Fred Bernstein has degrees in architecture (from Princeton University) and law (from NYU) and writes about both subjects. Born on Long Island, he lives in New York City and has two young sons, Aaron and Jacob.
This is the second in a weekly series of AD PRO profiles aimed at calling attention to the important contributions of immigrants to the fields of architecture and design. Architect, urban planner, and designer Denise Scott Brown is a partner in the Philadelphia firm Venturi, Scott Brown and Associates and a coauthor of the seminal treatise Learning From Las Vegas .
Most architecture students dream of getting projects built—eventually. Daniel Toole just had an elaborate project built, to much fanfare, while still in architecture school. In fact, he says, "I used my design fees to help pay part of my tuition." The project is a series of arches that transform an alley in Miami’s Design District into an inviting and intriguing cloister. Made of concrete molded against wooden formwork, the arches have a texture that rewards close inspection.
In 2014, when she became The Metropolitan Museum of Art’s first curator of architecture and design, Beatrice Galilee had an inspiration: Why not invite more than a dozen architects and designers to speak at the museum on the same day—as a way of summing up a year’s worth of architectural achievements.
Muck Rack makes it simple to find people, tweets, or articles that mention any name, keyword, company, hashtag etc. We've compiled this guide to help you make the most of your search.
Selecting a term
Start searching tweets, articles from media outlets, articles mentioned in tweets, journalists'
names, titles and bios with some suggested searches:
Companies or Topics (e.g. iPhone, Microsoft)
Phrases (e.g. "cloud computing") — use quotes to keep the terms together
Twitter handles (e.g. @username) — returns those who have mentioned or replied to
Names (e.g. "David Pogue")
Hashtags (e.g. #sxsw, #london2012)
Bio details (e.g. vegan, Olympics, father)
Muck Rack's Advanced Search allows for many boolean operators.
Find results that mention multiple specified terms, use AND or
+. For example, ensure each result contains both Elon Musk and Mark Zuckerberg by
searching Musk AND Zuckerberg or Musk + Zuckerberg.
Use the operators OR or , to broaden your search when you'd like either of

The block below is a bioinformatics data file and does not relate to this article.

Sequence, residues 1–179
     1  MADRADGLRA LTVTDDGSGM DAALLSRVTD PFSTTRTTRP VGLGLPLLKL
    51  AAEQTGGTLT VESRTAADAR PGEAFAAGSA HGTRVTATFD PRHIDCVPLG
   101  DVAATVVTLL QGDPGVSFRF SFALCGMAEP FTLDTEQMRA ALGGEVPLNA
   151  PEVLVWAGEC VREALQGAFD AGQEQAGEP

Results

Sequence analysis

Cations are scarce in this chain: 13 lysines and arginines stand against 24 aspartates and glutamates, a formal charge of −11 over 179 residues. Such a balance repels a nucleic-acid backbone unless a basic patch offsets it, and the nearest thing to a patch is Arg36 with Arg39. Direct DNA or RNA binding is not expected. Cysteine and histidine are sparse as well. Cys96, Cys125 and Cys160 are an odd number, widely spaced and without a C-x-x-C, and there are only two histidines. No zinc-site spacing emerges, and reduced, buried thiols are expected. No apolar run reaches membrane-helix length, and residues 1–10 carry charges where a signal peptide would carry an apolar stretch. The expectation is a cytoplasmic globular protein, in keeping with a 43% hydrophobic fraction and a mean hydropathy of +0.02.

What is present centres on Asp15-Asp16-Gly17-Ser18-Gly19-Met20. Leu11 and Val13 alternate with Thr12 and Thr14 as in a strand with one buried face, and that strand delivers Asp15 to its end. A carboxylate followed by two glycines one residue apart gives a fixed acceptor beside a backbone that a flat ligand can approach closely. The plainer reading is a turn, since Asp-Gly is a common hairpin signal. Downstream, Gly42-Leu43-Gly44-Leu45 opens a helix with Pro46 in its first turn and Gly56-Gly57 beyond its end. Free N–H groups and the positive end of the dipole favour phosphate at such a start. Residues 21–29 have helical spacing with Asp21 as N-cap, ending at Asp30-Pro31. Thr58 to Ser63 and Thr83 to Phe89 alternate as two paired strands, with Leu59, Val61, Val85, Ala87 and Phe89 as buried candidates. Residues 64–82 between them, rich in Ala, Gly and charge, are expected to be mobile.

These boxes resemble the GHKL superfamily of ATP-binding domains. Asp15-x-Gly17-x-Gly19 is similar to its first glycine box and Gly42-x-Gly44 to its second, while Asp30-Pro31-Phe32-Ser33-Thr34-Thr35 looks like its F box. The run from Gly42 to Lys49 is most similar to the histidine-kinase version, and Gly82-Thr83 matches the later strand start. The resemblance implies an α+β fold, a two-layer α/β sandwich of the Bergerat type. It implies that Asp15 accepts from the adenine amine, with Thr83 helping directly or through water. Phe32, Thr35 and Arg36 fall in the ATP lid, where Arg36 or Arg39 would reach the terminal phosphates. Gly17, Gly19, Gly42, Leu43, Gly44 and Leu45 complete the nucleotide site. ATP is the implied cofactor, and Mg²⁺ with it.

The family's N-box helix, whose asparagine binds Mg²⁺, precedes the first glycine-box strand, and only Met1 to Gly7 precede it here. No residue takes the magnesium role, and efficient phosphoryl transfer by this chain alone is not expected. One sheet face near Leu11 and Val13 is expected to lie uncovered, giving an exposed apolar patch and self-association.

multiple terms to appear in results. (This is the default behavior of our search when no operators
are used). For example, results will contain either cake or cookie by searching cake OR cookie or cake,cookie
Use NOT or - to subtract results from your search. For
example, searching Disney will yield results about the Walt Disney Company as well as Walt Disney
World Resort. To exclude mentions of Disney World, search for Disney -World or Disney
When using one of these operators with a phrase, enclose it in quotation marks. For example, you can
find results about smartphones excluding Apple's iPhone 4S by searching smartphone -"iPhone
Exact case matching or punctuation
If you're searching for a brand name or keyword that relies on specific punctuation marks or capitalization, you can
find results that match your exact query by adding matchcase: before the keyword you're searching for, like matchcase:E*TRADE .
Use parentheses to separate multiple
boolean phrases. For example, to find journalists talking about having fun in Disney World or
Disneyland, search for ("disney world" OR disneyland) AND fun.
An asterisk can be used to search for any variation of a root word truncated by the asterisk. For example, searching for admin* will return results for administrator, administration, administer, administered, etc.
A near operator is an AND operator where you can control the distance between the words. You can vary the distance the near operation uses by adding a forward slash and number (between 0-99) such as strawberries NEAR/10 "whipped cream", which means the strawberries must exist within 10 words of "whipped cream".